“I wake up thinking about all that too. That’s basically my life, even when I’m with my son on a Sunday and trying to enjoy time with him I’m dreading my phone is going to ring because something has happened and there’s a problem.”

As a business owner Aktar is dealing with an ever-changing landscape, he explains that he has to worry about the pressures on the business with cost of produce at record highs, energy prices going up four fold and VAT going back up and he ‘can’t keep pulling rabbits out of hats’.

"It’s left to me to find solutions, like all other business owners who right now are going through pressures that we’ve never had to deal with at such levels and all together.

“There’s all this unrelenting pressure on you with no one saying, how can we help? Let’s discuss this and let’s get around this; it’s a lonely path. We are people too. We’ve got a lot of stress we have to deal with and for some reason it’s totally discounted. It’s like we’ve signed away our right to good mental health – as an employer these days it feels like you are there to service everyone else but what about us as human beings?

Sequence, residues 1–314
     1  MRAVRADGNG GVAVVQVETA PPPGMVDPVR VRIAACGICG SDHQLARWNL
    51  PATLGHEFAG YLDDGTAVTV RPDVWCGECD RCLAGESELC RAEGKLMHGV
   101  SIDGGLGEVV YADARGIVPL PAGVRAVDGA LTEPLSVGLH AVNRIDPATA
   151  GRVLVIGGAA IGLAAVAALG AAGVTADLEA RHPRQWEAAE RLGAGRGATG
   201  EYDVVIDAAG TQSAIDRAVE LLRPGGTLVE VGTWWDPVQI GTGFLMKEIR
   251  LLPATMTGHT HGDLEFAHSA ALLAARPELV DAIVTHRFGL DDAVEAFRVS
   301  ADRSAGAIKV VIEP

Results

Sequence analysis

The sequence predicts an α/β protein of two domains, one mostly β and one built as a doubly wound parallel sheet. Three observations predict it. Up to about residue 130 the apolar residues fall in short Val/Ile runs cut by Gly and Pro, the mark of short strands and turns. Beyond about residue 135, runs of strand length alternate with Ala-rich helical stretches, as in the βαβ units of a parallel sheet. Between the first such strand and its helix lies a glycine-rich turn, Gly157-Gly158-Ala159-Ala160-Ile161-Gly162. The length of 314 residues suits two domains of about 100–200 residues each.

“We hear a lot about employees being exploited but we seldom hear about employers being exploited. Everyone knows it happens, but it is never brought to the forefront.

“When was the last time you read an article about the mental health and wellbeing of employers? They shoulder a massive burden and it’s like we don’t count. We suffer from all the same issues and anxieties that everyone else goes through – but we have to be the last man standing; we have no choice,but you do it to safeguard everyone else. In the end it does weigh on your mind, are you not a valued member of society anymore?”


Aktar is looking to build a campaign for change after his experience with ACAS (The Advisory, Conciliation and Arbitration Service) and the tribunal system, he feels it is ‘unfair and poorly managed’.